During my first two Naxos recording projects with the London Symphony Orchestra (September 2003 and November 2006), I became acquainted with Paul Silverthorne, principal violist of the orchestra. A virtuoso, Silverthorne is a fervent champion of new music for the instrument. Over the course of our work together, a mutual friendship developed from our shared enthusiasm for the viola, and he graciously agreed to let me compose a concerto for him.

Divinum Mysterium takes its creative impulse from the Protestant hymn tune known as Of the Father’s Love Begotten. The tune is built upon a scalar motif of four notes, extended by sequences and inversions. It is based upon the 11th-century Sanctus trope most commonly referred to as “Divinum Mysterium.”

My intention in composing this concerto was not to create a work invoking a particular religious theology, but one that grows out of the spiritual and searching quality of the original plainsong melody. Divinum Mysterium places the viola soloist in the role of a celebrant, leading the players of the orchestra on a journey of musical discovery from a hushed opening string texture to an energetic conclusion, affirming the power of massed orchestral color. The work is in four sections, taking the form of a single-movement tapestry of fantasy variations based upon characteristic intervals and scalar fragments of the hymn tune.

Concerto Grosso (for String Quartet and String Orchestra) is based upon music from my String Quartet No 4. The quartet was originally composed in 1998 for the Bergonzi String Quartet, in residence at the University of Miami Frost School of Music.

The newly fashioned Concerto Grosso, like the earlier quartet, is a purely abstract musical work, cast in one movement with three distinct sections. The first section—Energico—introduces the principal musical elements of the entire composition: a pulsating tremolo figure (an ascending major second followed by an ascending perfect fourth) first played by the solo viola, a lyrical fragment (a series of descending major seconds) first played by the solo violoncello, and a series of tutti chords played by both the solo quartet and the string orchestra. These elements, taken up by and bandied back and forth between the two groups, provide the basis for musical development and transformation throughout a lyrical middle section—Meno mosso—and fast closing section—Vivo.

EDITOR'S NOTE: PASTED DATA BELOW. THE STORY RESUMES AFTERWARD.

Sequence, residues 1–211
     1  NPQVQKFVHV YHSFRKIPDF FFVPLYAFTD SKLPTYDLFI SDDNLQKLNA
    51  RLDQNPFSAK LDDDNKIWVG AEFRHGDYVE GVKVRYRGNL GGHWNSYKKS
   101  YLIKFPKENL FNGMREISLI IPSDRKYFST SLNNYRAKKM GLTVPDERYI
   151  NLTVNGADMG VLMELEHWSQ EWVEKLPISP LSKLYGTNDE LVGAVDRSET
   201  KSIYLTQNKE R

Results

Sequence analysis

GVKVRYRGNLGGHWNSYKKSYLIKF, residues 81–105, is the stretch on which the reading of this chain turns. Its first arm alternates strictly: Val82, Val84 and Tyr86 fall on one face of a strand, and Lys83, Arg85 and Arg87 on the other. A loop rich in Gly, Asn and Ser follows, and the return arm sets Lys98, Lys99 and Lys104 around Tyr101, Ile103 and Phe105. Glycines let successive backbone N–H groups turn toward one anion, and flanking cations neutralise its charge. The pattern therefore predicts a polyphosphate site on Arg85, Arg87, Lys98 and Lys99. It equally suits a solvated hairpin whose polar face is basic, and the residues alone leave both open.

Discover the Wild is cast in the form of a three-part orchestral overture. The principle musical elements of the composition include a motive based upon the interval of the perfect fourth robustly stated in unison at the outset by four French horns. A lyrical theme follows, characterized by the interval of the perfect fifth. These musical elements are taken up in various melodic and harmonic combinations by the entire orchestra and form the basis for the musical development throughout the remainder of the composition.

Kenneth Fuchs